Is #WPArchitecture the new #Sustainability?

In a recent post for the University Press of Colorado, Bryna Siegel Finer and Jamie White Farnham argue that a way to move from the overused trope of sustainability in writing studies is to think more about how writing programs—their people and environments, in combination with practical considerations such as funding sources, reporting lines, research, and curriculum—are situated as part of the architecture of their institutions. While sustainability is a term that can easily be co-opted or flipped against a writing program by an administration (e.g., “This program is no longer sustainable”), when a program is built into the structure of an institution, it is much harder to dismantle. The metaphor of architecture allows writing program administrators to imagine the constituent parts of a writing program as its foundation, beams, posts, scaffolding—the institutional structures that, alongside its people, anchor a program to the ground and keep it standing. Read “Sustainability and Then Some: Writing Programs in Institutional Structure” here.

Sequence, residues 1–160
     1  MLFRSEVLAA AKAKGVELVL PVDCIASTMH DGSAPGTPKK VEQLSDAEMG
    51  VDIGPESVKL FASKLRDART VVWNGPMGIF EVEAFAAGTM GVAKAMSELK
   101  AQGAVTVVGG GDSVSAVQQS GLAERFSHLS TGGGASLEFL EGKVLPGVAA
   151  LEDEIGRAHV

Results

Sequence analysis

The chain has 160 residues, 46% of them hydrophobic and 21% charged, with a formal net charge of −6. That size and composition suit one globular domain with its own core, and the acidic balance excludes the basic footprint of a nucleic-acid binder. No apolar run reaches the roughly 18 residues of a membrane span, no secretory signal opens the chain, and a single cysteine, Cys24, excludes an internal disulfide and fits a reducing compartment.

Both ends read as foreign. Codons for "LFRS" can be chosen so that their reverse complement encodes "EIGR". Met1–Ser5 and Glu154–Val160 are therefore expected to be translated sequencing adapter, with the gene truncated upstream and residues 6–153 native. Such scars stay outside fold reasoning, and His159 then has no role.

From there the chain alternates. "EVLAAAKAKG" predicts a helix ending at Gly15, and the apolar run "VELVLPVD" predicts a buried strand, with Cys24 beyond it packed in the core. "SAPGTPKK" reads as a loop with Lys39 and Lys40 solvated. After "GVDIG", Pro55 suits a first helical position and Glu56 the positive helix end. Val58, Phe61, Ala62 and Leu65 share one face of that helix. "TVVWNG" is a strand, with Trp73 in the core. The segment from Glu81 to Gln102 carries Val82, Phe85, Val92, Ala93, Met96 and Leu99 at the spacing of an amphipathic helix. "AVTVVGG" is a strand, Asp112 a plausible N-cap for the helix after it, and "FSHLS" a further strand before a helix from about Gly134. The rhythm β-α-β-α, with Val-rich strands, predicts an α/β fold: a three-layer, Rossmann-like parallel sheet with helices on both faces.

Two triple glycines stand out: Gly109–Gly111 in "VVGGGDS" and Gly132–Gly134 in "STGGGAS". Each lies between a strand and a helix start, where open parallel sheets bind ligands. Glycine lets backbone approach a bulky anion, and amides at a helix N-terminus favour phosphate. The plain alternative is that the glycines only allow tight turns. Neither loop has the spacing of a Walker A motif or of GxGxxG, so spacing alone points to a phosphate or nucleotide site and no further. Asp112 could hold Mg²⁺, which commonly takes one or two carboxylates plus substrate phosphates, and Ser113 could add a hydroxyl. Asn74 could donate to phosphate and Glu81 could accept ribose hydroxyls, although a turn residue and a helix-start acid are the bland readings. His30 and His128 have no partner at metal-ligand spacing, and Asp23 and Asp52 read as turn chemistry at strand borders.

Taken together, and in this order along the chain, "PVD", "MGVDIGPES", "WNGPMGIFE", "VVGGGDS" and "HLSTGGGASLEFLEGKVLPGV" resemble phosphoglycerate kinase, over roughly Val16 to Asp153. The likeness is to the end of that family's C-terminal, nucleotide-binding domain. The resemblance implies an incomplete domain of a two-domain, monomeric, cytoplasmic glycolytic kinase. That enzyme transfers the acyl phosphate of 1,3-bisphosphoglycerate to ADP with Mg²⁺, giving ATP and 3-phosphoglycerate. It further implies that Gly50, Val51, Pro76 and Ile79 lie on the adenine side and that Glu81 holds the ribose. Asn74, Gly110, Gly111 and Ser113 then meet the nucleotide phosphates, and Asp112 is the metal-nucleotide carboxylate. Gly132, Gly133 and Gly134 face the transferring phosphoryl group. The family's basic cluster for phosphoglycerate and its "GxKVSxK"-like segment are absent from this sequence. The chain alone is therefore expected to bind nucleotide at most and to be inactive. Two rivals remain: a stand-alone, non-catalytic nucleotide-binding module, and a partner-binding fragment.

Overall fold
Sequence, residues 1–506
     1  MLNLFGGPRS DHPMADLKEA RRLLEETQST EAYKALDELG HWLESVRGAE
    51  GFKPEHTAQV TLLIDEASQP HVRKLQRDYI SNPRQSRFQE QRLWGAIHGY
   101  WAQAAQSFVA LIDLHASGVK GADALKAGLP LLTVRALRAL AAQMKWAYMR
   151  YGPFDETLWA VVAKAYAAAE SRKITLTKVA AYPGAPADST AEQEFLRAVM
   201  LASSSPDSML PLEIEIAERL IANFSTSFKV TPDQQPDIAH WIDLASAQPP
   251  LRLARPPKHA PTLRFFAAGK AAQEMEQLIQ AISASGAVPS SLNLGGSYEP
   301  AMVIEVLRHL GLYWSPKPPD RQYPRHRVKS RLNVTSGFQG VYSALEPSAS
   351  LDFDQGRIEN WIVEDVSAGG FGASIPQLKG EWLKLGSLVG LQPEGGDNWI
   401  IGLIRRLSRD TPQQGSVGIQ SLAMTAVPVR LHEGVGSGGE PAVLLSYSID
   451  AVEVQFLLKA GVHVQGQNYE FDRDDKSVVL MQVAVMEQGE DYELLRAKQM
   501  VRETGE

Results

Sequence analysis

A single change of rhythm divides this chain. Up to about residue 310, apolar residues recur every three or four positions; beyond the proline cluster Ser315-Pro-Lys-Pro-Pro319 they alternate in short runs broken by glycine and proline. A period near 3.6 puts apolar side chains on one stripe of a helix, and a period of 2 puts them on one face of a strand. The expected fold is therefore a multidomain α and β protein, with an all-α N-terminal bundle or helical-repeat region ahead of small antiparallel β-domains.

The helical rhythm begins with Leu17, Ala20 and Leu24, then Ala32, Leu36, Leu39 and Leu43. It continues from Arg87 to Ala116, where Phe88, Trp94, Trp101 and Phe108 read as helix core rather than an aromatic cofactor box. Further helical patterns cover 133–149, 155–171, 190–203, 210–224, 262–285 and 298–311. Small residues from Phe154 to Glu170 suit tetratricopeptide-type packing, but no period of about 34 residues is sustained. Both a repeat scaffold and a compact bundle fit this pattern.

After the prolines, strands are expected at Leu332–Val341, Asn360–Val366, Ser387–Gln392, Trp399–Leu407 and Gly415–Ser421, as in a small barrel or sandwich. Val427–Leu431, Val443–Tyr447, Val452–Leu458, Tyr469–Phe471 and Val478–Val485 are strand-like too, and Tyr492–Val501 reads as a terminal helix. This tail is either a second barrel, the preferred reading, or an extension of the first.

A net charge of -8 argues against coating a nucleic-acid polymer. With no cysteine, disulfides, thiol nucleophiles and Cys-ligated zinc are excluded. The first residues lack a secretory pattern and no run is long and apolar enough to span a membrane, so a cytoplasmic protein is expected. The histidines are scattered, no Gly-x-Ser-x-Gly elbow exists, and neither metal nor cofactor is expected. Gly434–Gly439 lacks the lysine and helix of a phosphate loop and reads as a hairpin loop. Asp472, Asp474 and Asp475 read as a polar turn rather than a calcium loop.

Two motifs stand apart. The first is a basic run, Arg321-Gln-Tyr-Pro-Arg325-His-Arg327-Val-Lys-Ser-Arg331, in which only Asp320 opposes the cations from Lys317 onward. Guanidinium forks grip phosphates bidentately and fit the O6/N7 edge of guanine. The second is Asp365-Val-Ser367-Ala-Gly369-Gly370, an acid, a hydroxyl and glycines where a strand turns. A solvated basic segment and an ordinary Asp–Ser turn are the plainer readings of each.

Cases for Reference and Research

Wondering what it means to use the chapters in Writing Program Architecture as cases for reference and research? In this article in the Journal of Writing Assessment, the authors offer:

a comparative analysis of state level policies in Florida, Wisconsin, and Idaho [and] discuss implications for possible similar legislation in Pennsylvania.

Authors of “Legislating First-Year Writing Placement: Implications for Pennsylvania and Across the Country” use Chapter 18 of Writing Program Architecture as a case study of the Basic Writing Program at the University of Wisconsin-Superior. There, the WPA revised their placement process and basic writing program in order to continue to support struggling writers in the wake of drastic budget cuts. The writers of the JWA article use the Basic Writing program at UWS to argue that programs across the country should be taking pro-active approaches to placement and assessment as state legislation takes more control over defining “college-ready.”